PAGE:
Omega 3 and stress

A previous post discussed Omega 3s and anxiety.

While the role of omega 3’s and inflammation has been studied(1), omega 3’s and stress is not as well studied.

This post discusses a study looking at Omega 3’s and stress reduction.

Who was in the study? (2)

138 sedentary, overweight, middle-aged participants (n = 93 women, n = 45 men) received either 2.5 g/d of omega-3, 1.25 g/d of omega-3, or a placebo for 4 months (2).

What was studied? (2)

  • Before and after the trial, participants underwent the Trier Social Stress Test.
  • Saliva and blood samples were collected once before and repeatedly after the stressor to measure salivary cortisol, telomerase in peripheral blood lymphocytes, and serum anti-inflammatory (interleukin-10; IL-10) and pro-inflammatory (interleukin-6; IL-6, interleukin-12, tumor necrosis factor-alpha) cytokines.

What were the results? (2)

  • Adjusting for pre-supplementation reactivity, age, sagittal abdominal diameter, and sex, omega-3 supplementation altered telomerase (p = 0.05) and IL-10 (p = 0.05) stress reactivity; both supplementation groups were protected from the placebo group’s 24% and 26% post-stress declines in the geometric means of telomerase and IL-10, respectively.
  • Omega-3 reduced overall cortisol (p = 0.03) and IL-6 (p = 0.03) throughout the stressor;
  • The group that received 2.5gram per day of Omega 3’s had had 19% and 33% lower overall cortisol levels (lower stress) and IL-6 geometric mean levels (lowering inflammation), respectively, compared to the placebo group.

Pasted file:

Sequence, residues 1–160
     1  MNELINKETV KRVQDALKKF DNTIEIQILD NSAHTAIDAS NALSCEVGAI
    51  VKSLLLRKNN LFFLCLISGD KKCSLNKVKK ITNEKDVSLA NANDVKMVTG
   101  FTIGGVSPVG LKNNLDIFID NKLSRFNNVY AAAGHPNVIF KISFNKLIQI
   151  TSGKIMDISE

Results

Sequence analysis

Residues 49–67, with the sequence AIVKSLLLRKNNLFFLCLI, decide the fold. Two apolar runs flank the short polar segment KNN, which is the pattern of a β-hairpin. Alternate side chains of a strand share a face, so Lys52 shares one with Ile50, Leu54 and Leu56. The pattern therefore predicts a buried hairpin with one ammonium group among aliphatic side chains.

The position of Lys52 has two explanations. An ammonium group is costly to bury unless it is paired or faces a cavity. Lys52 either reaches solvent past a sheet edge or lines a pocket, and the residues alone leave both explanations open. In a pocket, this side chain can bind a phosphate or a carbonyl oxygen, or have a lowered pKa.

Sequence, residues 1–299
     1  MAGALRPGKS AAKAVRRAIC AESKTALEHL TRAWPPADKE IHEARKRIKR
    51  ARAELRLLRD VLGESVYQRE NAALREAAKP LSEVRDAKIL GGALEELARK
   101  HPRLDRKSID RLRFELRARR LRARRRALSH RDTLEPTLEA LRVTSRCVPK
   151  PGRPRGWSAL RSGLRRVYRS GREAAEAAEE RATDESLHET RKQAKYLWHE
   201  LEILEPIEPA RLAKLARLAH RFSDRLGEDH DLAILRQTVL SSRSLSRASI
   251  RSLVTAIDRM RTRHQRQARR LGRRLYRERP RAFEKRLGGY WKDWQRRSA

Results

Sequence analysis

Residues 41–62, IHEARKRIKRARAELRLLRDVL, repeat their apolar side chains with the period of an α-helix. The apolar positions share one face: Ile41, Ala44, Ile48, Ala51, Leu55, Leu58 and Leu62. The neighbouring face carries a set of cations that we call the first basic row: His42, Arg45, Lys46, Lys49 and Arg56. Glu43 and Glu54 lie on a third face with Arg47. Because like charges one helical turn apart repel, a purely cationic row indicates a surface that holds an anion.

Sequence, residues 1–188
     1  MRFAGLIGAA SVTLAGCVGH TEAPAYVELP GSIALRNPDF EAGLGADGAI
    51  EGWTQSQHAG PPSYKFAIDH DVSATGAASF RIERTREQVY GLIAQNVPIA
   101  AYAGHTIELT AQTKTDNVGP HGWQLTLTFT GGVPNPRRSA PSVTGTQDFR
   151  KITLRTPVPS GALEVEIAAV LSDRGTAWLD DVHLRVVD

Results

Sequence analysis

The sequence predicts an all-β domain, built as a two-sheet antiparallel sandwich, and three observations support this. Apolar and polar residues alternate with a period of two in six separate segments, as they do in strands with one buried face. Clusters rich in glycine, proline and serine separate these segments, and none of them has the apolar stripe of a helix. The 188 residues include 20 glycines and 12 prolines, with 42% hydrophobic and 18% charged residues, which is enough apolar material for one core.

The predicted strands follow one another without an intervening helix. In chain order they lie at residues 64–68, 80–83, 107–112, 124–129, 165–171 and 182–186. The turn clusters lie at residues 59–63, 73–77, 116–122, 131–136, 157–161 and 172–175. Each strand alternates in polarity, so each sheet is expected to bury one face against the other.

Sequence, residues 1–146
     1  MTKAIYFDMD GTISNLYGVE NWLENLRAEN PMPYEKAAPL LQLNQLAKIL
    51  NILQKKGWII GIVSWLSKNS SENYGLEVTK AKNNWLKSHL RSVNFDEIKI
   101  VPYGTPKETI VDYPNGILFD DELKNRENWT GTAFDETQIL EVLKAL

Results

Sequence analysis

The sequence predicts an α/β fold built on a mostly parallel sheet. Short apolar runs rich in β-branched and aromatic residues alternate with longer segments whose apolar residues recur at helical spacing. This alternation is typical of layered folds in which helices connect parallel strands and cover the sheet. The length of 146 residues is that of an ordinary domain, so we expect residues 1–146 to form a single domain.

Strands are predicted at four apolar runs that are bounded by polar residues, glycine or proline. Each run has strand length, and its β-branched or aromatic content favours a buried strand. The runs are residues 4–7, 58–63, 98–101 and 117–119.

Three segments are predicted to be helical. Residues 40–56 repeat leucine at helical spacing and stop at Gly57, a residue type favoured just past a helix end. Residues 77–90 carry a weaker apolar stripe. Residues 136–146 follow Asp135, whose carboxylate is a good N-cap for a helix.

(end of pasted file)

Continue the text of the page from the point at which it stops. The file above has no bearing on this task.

The authors (2) conclude that, by lowering overall inflammation and cortisol levels during stress and boosting repair mechanisms during recovery, omega-3 may slow accelerated aging and reduce depression risk.

What are some caveats?

  • This is a small study and further study is needed.
  • The population studied was middle aged, which makes it difficult to generalize to specific populations like college students.
  • Omega 3s may interact with prescription medications and supplements.
  • Omega 3’s have other health benefits (3) as well.
  • Talk to your doctor or prescriber before considering omega 3’s.

What are some sources of omega 3s?
According to the National Institute of Health(3), sources of omega 3’s include:
• Fish and other seafood (especially cold-water fatty fish, such as salmon, mackerel, tuna, herring, and sardines)
• Nuts and seeds (such as flaxseed, chia seeds, and walnuts)
• Plant oils (such as flaxseed oil, soybean oil, and canola oil)
• Fortified foods (such as certain brands of eggs, yogurt, juices, milk, soy beverages, and infant formulas)
• Omega-3 dietary supplements include fish oil, krill oil, cod liver oil, and algal oil (a vegetarian source that comes from algae). They come in a wide range of doses and forms.

How much omega 3s do I need per day?
The U.S. Food and Drug Administration recommends consuming no more than 3 g/day of EPA and DHA combined, including up to 2 g/day from dietary supplements (3).

Where can I learn more about omega 3s?

https://ods.od.nih.gov/factsheets/Omega3FattyAcids-Consumer/

What are some resources to improve nutrition?
• Nutrition coaching with The OSU Student Wellness Center
• Nutritionist at The OSU Wilce Wilce Student Health center
• Nutritionist at The OSU Wexner medical center
• Nutrition books
• Take a nutrition class
• Take a look at the Dietary Guidelines for Americans.
• Harvard’s page on nutritional psychiatry.

By R. Ryan S Patel DO, FAPA OSU-CCS Psychiatrist